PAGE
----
Fig. 5.4. (A) Changes in representation of dormant, non-dormant and dead seeds in the seed bank of H. mantegazzianum from autumn (after seed release) through spring (before germination) to the following summer (before new seeds are shed). Mean values shown are pooled across nine localities in the Slavkovsky les region, Czech Republic. (B) The proportion of non-dormant among living seed is close to zero in autumn, reaches a peak in spring after dormancy has been broken by cold and wet stratification over winter, and decreases to very low values in summer, after the vast majority of non-dormant seed germinated in spring. The proportion of living seed among the total number of seed steadily decreases in the course of the 'seed-cycle year', as part of the seed population gradually decays. Based on data from Krinke et al. (2005). Seeds germinated up to 1 month were considered as non-dormant, non-germinated living seeds were considered as dormant and decayed seeds found in the soil sample or seeds found dead after germination were considered as dead.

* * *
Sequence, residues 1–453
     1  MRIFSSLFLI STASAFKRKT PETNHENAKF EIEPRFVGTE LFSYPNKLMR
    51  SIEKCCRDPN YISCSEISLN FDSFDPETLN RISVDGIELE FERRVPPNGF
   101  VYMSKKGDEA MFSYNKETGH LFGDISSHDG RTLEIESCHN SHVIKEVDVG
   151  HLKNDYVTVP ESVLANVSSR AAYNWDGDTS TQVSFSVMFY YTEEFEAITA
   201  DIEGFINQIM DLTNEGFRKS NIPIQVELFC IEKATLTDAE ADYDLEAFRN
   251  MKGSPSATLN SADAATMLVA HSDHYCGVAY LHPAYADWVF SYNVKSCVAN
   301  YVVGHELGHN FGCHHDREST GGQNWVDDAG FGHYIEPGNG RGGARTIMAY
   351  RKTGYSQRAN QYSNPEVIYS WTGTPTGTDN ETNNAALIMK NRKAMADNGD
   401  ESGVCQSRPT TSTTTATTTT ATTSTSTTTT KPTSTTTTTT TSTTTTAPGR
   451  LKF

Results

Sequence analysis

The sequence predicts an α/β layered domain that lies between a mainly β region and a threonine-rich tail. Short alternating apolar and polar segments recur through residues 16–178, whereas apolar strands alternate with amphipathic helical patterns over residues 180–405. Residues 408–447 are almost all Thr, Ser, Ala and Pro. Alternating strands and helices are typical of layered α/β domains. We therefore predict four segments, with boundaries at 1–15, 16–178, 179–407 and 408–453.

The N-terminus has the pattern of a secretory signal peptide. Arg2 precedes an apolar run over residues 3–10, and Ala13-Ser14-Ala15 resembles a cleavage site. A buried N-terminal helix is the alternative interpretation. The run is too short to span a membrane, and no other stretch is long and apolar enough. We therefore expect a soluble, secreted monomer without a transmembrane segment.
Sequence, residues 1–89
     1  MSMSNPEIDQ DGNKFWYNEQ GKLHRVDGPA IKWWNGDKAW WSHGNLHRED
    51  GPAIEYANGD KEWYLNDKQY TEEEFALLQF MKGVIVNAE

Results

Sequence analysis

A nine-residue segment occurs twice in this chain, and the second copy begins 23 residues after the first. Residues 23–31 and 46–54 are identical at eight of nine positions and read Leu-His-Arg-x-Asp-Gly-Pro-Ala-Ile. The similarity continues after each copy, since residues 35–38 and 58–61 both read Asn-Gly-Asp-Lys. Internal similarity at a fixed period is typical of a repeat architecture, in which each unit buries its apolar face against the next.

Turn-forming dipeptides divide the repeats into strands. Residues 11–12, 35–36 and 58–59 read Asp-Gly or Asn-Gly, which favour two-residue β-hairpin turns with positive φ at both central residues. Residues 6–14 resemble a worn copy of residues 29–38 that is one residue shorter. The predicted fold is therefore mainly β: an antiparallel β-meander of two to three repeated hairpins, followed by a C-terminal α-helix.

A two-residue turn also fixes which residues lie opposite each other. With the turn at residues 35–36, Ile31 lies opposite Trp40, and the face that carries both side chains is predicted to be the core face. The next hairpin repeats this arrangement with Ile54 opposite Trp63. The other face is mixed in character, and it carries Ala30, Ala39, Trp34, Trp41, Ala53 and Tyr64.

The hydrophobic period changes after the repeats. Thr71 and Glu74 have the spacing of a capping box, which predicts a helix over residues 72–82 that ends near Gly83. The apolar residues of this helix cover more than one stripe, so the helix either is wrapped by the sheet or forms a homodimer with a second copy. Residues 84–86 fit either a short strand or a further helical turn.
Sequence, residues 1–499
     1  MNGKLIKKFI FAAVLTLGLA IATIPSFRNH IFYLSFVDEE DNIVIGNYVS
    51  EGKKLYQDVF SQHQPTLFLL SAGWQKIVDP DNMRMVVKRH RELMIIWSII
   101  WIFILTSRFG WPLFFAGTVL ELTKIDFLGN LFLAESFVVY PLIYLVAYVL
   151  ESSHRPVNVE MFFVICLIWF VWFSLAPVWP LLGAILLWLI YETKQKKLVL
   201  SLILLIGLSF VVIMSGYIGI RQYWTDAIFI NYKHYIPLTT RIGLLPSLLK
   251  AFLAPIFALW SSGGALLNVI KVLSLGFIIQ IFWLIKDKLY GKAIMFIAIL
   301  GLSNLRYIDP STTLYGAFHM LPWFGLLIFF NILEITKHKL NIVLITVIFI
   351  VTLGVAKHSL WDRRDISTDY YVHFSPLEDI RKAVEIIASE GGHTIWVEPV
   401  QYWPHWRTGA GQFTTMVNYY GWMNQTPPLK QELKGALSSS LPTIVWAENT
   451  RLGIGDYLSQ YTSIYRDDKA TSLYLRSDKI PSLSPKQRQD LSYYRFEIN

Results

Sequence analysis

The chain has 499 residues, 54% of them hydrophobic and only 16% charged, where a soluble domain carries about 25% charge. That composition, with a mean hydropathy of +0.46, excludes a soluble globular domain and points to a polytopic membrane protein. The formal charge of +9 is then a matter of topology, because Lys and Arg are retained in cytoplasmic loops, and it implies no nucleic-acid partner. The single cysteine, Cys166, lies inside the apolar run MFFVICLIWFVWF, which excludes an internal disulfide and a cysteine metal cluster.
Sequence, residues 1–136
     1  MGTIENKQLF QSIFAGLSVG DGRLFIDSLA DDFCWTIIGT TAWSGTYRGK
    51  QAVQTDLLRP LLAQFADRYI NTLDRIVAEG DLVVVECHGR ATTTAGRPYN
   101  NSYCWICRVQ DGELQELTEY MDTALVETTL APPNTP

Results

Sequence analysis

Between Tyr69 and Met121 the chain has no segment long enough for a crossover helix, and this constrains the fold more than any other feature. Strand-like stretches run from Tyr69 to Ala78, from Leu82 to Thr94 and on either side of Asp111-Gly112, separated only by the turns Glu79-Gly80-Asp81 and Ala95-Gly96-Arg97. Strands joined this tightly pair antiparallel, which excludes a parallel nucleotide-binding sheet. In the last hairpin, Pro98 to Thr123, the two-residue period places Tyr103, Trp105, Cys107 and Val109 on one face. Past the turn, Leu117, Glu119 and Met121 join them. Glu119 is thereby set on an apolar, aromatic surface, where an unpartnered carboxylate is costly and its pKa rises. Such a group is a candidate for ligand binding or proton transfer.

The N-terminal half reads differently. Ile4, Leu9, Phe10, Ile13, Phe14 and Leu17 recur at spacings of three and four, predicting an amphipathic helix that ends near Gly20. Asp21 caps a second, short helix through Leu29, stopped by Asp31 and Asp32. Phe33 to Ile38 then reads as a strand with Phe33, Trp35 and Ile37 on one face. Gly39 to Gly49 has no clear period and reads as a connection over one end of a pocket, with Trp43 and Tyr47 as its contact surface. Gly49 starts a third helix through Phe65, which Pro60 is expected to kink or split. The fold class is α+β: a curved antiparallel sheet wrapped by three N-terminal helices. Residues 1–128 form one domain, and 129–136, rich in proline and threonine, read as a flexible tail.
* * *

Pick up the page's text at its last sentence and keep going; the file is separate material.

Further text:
estimates from seedlings germinating in the field (Andersen and Calov, 1996) or on multi-species seed bank studies (Thompson et al., 1997). Such numbers of seeds found per m2 of the soil exceed the average value in the family Apiaceae by an order. Only two species of Apiaceae (Ammi majus L. and Torilis japónica (Houtt.) DC.) exhibit seed density values comparable with

H. mantegazzianum (Thompson et al., 1997). The reproductive potential of H. mantegazzianum is enormous and seems to be a crucial feature making invasion possible to the extent observed in the region (Krinke et al., 2005) and elsewhere in Europe (Ochsmann, 1996; Tiley et al., 1996).

Quantitative data of Krinke et al. (2005) allow some extrapolations to the landscape level. From knowledge of H. mantegazzianum population size in the largest study site (99,000 m2) and the average number of non-dormant seeds present in the spring, it can be calculated that each year in spring there are 386 million seeds, ready to germinate, in a single site.

So which seed bank type best fits what we now know about H. mantegazzianum? The species was considered to have a transient soil seed bank, i.e. missing from the seed bank or present only in the surface layer (Thompson et al., 1997). However, Krinke et al. (2005) classified the soil seed bank of H. mantegazzianum as a short-term persistent soil seed bank sensu Thompson et al. (1997) as in their samples 95% of seeds were concentrated in the upper soil layer and some living seeds were also present in lower soil layers. Moreover, the data reported in the following sections clearly indicate that seeds of H. mantegazzianum do persist in the soil for some years and that a short-term persistent seed bank is the case here.

Was this article helpful?

0 0

Post a comment